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All the answers I've seen so far appear to just be checking within user space. I need a way to check from kernel space specifically within a device driver. I get the task_struct associated with the process through an ioctl call from the process so I have all the information contained in that at my disposal.

Note: the process I'm looking for is running in user space

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up vote 0 down vote accepted

Does this help:

struct task_struct { 
   volatile long state;    /* -1 unrunnable, 0 runnable, >0 stopped */
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Hmm that definitely seems like it should do the trick but maybe my problems are caused by something else or maybe I just don't understand enough about the Linux kernel. If I stop the process while it is running with ctrl-c, would task->state return a value greater than 0? I'm sending signals with send_sig_info to the process from the kernel space. The process runs fine and gets the signals while running but as soon as a stop it, Linux crashes. I have if(task->state == 0) right before I send the signal. – Chris Jul 10 '12 at 16:16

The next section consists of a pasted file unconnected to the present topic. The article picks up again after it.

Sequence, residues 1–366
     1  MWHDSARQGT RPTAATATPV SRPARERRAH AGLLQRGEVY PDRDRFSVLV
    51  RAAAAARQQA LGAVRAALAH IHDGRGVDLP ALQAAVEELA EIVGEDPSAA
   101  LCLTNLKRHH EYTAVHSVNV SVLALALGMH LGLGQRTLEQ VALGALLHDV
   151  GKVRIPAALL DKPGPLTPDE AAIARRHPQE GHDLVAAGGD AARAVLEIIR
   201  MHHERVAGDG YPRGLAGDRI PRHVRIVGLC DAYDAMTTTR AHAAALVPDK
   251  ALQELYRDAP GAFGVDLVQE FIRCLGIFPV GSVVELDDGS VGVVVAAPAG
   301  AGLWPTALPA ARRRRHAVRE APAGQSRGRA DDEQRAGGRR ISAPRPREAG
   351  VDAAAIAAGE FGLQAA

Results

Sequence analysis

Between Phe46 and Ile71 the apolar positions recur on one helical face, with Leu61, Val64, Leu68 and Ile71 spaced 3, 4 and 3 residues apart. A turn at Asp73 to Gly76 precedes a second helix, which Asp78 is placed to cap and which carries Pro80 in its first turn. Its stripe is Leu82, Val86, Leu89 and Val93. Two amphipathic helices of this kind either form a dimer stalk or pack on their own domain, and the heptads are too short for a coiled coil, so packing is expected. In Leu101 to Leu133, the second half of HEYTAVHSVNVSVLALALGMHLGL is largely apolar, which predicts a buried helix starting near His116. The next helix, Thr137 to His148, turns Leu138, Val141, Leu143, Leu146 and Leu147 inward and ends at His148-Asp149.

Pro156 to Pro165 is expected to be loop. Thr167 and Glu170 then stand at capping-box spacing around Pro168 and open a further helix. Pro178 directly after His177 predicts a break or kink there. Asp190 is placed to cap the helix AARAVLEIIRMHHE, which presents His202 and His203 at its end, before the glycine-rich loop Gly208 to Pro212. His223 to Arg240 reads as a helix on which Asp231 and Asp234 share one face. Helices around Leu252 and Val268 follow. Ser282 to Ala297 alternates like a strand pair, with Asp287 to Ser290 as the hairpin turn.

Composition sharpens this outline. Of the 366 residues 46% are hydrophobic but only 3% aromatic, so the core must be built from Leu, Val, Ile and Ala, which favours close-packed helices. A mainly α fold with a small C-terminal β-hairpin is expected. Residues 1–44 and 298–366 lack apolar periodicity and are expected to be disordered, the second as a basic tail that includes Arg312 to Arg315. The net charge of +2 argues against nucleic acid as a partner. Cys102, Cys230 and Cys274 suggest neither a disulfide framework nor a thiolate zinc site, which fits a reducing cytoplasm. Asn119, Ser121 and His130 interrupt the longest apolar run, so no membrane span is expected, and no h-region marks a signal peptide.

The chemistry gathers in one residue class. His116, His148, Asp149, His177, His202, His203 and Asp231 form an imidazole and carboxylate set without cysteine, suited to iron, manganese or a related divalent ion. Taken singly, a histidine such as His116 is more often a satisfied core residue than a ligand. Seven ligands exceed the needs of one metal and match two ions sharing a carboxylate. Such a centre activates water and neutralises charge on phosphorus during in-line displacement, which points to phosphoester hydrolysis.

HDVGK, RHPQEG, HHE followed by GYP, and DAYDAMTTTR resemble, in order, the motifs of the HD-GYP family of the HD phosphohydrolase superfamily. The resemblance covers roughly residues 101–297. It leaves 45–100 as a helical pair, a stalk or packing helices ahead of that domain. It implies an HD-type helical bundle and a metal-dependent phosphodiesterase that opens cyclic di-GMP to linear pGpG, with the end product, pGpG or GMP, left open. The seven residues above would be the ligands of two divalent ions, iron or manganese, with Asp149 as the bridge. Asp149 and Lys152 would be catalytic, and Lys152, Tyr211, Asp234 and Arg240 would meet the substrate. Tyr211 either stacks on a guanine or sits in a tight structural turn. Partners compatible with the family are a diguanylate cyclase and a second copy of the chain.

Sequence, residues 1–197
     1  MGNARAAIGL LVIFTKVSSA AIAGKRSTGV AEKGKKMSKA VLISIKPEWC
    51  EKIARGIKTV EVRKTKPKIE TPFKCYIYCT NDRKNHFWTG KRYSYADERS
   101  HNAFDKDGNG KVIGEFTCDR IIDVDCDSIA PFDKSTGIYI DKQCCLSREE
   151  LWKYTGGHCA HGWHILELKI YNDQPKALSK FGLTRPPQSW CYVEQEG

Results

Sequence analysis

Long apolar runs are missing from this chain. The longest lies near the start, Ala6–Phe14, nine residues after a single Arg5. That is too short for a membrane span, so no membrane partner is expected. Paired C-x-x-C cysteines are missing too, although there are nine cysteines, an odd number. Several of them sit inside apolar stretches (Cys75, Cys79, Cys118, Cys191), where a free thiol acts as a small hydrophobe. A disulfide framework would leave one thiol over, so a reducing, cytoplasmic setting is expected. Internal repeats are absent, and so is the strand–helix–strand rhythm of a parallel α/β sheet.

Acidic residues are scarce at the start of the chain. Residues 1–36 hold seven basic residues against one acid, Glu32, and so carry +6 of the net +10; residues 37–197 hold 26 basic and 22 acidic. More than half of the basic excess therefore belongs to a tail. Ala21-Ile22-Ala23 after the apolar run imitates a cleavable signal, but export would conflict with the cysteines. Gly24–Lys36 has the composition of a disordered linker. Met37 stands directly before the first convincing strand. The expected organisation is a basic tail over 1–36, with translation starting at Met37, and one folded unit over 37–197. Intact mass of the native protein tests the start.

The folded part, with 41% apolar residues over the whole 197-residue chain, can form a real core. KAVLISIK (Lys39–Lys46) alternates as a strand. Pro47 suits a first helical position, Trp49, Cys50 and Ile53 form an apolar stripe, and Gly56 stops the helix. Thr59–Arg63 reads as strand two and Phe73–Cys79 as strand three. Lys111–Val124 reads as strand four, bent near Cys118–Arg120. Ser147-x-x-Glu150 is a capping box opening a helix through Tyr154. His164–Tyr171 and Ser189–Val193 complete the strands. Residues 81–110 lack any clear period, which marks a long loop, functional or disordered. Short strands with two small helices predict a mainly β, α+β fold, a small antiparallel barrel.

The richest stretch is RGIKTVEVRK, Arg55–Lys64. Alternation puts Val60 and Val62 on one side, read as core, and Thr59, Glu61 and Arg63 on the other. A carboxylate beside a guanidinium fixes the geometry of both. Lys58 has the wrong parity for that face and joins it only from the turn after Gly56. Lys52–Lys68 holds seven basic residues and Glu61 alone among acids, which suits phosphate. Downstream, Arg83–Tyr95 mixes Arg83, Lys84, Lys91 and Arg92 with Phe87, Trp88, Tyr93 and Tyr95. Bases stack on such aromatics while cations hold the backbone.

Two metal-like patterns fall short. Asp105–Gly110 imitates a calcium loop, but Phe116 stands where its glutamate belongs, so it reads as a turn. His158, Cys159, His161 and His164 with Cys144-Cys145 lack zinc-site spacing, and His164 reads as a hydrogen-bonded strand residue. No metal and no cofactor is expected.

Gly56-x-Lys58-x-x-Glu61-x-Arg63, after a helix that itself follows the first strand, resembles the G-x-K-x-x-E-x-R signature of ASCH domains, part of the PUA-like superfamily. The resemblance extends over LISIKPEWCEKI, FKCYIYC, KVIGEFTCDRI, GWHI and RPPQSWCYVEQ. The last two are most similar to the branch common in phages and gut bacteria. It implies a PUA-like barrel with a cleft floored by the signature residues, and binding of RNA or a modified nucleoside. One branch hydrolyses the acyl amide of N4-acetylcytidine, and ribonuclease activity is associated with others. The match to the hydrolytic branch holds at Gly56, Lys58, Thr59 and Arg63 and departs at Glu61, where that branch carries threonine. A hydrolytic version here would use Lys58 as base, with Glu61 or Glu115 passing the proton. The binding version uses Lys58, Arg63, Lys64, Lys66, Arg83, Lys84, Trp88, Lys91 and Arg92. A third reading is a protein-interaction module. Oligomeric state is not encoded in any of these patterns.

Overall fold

@user1061166 if you hit ctrl-c the process should have ceased to exist. – Alnitak Jul 10 '12 at 16:19
so what happens to the task_struct pointer in that case? – Chris Jul 10 '12 at 16:20
@user1061166 I don't know, that's as far as my knowledge extends. I would have presumed that the task_struct would have been invalidated at that point. Maybe you need a lock around obtaining the pointer and testing it? – Alnitak Jul 10 '12 at 16:21
Ok thanks for the help. I think a lock wouldn't work here because I get the pointer early on when the application first runs but don't check it until much later. – Chris Jul 10 '12 at 16:24

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